If the main gear rotates in the opposite direction to direction F, ie direction G, the cams 182 will also impact on surface 188. However, in this case the gently sloping or generally tangential cam surface 182a will contact the surface 188 of the lever 184, the lever will rotate about the axis 164 in the direction D with almost no effect on the position of the lever 162 any such slight relative movement being largely smoothed by the spring 186.
The provision of the spring 186 connecting levers 162 and 184 has two main functions. First, it retains the lever 184 in contact with the lever 162 and 162a and secondly strengthens the wedge effect described above.
Thus the second embodiment of the present invention also provides an adjustable drag assembly and switching means for a simple uncomplicated design. The majority of the components can simply be stamped out from sheet metal plate which makes the device cheap to manufacture in comparison with existing free spool devices. The size and arrangement of the components also makes the device easy to fit inside a spinning reel body of standard size.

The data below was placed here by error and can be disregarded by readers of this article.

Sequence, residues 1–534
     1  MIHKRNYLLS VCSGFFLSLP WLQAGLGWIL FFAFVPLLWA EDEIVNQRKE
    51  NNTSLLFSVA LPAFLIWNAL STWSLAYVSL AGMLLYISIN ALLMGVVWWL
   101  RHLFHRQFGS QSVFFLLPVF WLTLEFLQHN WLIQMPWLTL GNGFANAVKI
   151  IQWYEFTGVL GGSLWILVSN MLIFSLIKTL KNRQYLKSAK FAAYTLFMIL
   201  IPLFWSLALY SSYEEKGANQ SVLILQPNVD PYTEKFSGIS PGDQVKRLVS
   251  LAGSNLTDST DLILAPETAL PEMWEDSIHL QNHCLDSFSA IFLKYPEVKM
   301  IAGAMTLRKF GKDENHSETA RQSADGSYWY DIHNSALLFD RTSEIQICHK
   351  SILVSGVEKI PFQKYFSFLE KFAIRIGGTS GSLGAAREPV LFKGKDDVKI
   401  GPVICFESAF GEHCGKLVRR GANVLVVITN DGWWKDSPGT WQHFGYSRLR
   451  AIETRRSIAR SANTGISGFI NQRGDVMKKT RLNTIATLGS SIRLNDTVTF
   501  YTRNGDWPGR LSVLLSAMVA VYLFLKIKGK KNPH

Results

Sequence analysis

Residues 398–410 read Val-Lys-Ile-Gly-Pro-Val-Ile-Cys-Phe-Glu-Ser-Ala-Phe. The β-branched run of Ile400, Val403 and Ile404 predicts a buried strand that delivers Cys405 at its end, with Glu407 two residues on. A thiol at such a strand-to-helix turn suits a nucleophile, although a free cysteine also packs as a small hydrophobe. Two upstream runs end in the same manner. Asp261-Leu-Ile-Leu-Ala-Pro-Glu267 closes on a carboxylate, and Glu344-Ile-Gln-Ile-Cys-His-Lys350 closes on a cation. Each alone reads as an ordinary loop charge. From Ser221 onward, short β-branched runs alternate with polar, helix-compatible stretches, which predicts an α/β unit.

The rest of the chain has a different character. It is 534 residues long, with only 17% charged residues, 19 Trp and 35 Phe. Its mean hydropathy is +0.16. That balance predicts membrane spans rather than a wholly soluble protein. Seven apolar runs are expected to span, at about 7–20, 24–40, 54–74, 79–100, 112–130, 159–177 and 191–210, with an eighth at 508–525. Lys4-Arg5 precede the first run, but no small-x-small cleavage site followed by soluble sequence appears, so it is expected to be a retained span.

In the specific embodiments described, the main gear has four cams 182, although it will be appreciated that a single cam would suffice and that the number of cams defined on the main gear may be varied. Similarly although the block 140 defines seven slots or notches 142, in fact any number of notches from a single notch upwards, could suffice.
It will be appreciated by persons killed in the art that numerous variations and/or modifications may be made to the invention as shown in the specific embodiments without departing from the spirit or scope of the invention as broadly described. The present embodiments are, therefore, to be considered in all respects as illustrative and not restrictive.
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|U.S. Classification||242/246, 242/244, 242/245|
|Aug 26, 2003||FPAY||Fee payment|
Year of fee payment: 4
|Oct 1, 2007||REMI||Maintenance fee reminder mailed|
|Mar 21, 2008||LAPS||Lapse for failure to pay maintenance fees|
|May 13, 2008||FP||Expired due to failure to pay maintenance fee|
Effective date: 20080321